Monday, February 24, 2020 | ePaper

Who Is Beneficiary From US, Syria, Iraq, Iran Crisis?

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Saleem Samad :
When the United States coalition forces toppled the despot Al-Qaeda backed Taliban regime in Afghanistan in 2001 in Iran's immediate east and US invasion of Iraq in 2003 in Iran's immediate west seemed to be a considered military threat to the Islamic Republic of Iran.
During 1991 Operation Desert Storm, the massive US military build-up in the Gulf was considered a threat to the Islamic Iran's regime. The US military headquarters in Pentagon heightened the tension when they reiterated that Iran as an "axis of evil" and said that Iran, not Iraq is the main enemy in the region and we desperately wanted Iraq to act as a counterweight to Iran.
The Iran-Iraq war ended in a stalemate with direct interference by the US.
According to a report by International Crisis Group, following are the priorities of the Ayatollahs in Iraq:
-    A strong centralised Iraqi government which is favourable to Iran, able enough to counter jihadist threats and secure its borders.
-    Preservation of territorial integrity of Iraq so that the country remains stable thereby leaving Iran unaffected by any security threats and vulnerable borders.
-    Prevent the opposition groups in Iraq and former Saddam loyalists to gain grounds in Iraq and thereby act against Iran's interests.
Iran relied on three important junctures to spread its influence in Iraq, the first such influence, as stated above came with the US invasion of Iraq in 2003.
The second juncture came in 2011 after the withdrawal of US troops when the first Shia Prime Minister Nouri-al-Maliki was backed by both the United States and Iran which acted against the interest of Sunni leaders leading to deprivation of their political power and economic marginalisation giving way to resurging extremism which strengthened Iranian interests in the country.
The third juncture was the rise of Islamic State in Iraq and Syria - ISIS (or Daesh) in Iraq which led Tehran to organise and empower the existing and even new Shia militias in the garb of aiding Tehran in its fight against ISIS.
By 2011, after the withdrawal of US forces and Nouri-al-Maliki's coronation as Prime Minister of Iraq, Iran had a significant influence over Iraqi politics and conflicts and its militias had key control over various funds and weapons and those acting again Iran's interests were annihilated.
The rise of ISIS in 2014 and its dramatic success posed a significant challenge to Iran's presence and the violent capture of Mosul and other Iraqi cities posed serious questions on the capabilities of Quds Force commanded by Qasem Soleimani and Iran's success in stabilising Iraq.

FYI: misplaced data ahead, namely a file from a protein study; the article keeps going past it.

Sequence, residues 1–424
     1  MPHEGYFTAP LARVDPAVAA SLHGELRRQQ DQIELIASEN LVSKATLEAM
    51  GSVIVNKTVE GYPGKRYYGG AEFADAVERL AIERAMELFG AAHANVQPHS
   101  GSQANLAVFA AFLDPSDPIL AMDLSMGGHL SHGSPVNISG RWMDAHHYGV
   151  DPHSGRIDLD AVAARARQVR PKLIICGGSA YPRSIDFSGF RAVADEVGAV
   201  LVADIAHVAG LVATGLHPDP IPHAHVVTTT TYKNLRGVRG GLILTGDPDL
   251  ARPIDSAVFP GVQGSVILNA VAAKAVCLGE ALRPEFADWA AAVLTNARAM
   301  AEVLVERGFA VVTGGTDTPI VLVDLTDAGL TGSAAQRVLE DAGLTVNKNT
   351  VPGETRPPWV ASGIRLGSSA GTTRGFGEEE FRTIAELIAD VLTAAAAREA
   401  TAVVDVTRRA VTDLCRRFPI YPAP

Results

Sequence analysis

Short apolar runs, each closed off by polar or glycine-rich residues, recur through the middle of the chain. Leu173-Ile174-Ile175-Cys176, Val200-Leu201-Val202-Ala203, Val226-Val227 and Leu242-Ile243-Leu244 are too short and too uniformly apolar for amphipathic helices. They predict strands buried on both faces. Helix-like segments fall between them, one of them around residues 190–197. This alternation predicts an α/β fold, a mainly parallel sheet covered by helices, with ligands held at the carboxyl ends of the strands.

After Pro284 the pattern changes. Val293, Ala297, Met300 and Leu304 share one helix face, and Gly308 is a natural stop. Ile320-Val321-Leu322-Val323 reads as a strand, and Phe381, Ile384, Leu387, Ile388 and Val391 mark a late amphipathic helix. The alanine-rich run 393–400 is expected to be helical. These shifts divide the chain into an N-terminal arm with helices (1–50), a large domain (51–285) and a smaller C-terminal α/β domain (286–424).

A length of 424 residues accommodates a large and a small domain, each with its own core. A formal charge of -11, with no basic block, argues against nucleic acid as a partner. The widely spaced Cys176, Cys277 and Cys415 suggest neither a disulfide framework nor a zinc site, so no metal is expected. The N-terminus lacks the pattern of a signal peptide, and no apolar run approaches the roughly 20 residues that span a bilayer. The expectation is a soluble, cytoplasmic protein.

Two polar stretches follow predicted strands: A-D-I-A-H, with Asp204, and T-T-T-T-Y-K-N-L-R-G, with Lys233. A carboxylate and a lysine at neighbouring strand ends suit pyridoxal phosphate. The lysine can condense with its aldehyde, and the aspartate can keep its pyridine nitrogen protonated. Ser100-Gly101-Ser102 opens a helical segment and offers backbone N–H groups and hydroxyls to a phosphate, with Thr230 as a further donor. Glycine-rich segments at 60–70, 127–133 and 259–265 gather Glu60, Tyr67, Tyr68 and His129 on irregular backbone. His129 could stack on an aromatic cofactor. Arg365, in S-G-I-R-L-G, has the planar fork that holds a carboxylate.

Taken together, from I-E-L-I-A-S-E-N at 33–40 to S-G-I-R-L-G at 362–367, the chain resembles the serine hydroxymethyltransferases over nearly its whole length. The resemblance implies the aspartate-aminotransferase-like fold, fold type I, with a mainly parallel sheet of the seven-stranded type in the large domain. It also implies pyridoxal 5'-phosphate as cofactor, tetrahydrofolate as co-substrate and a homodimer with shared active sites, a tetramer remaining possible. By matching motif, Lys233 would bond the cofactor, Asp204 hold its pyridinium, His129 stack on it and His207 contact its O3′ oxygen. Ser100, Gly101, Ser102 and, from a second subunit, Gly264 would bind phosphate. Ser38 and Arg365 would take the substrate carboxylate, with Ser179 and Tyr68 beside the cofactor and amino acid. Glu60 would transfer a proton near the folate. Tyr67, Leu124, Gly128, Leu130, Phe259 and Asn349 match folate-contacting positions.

The possible prediction which can be made is the challenges before Iran amid security crisis, instabilities and weak governance, corruption and sectarian conflicts are to prevent the emergence of new jihadist threats or any other threat from its conventional allies, whether it is Israel, Saudi Arabia or the United States.
It would be difficult for Iraq to shrug off the domination of Shia politics in the governance of Iraq and to ensure proper funds and artillery for its Popular Mobilization Forces (PMUs) founded by Nouri al-Maliki, a coalition of Shia Muslims in Iraq, backed by the Quds Force.
The oldest bonhomie in the Middle-East is the proven relationship between Iran and Syria. Ever since the Islamic Revolution, the two countries established ties on the basis of Shia fraternity.
Despite Alawites sect of Islam are secular and liberal Muslims, which contradict's with Iran version of Shi'ism. Alawites celebrate some Christian and Zoroastrian religious holidays, but Iran's Ayatollah has accepted the Alawite Muslims as Shia.
The Iran-Syria relationship is considered as one of the most sustainable military alliance in the region when both deemed Israel and US presence are considered as an existential threat in the Middle-East.
Iran backed powerful Hezbollah militia stationed in South Lebanon is Iran's largest proxy group to render trouble to Israel was redeployed to aid the Assad regime by training the pro-Assad militias groups.
Iran fears if Sunni majority political alliance comes into power in the post-Assad regime, there is likely to express solidarity with US-Saudi nexus which will prove hostile against Iran's interest in the region.
At present, the greatest challenge before the clergies in Iranian is to continue with its Syria chapter despite carrying the heavy burden of international sanctions and preserve its axis of resistance.

(Saleem Samad is an independent journalist, media rights defender, recipient of Ashoka Fellow (USA) and Hellman-Hammett Award. Twitter @saleemsamad, Email: saleemsamad @hotmail.com)

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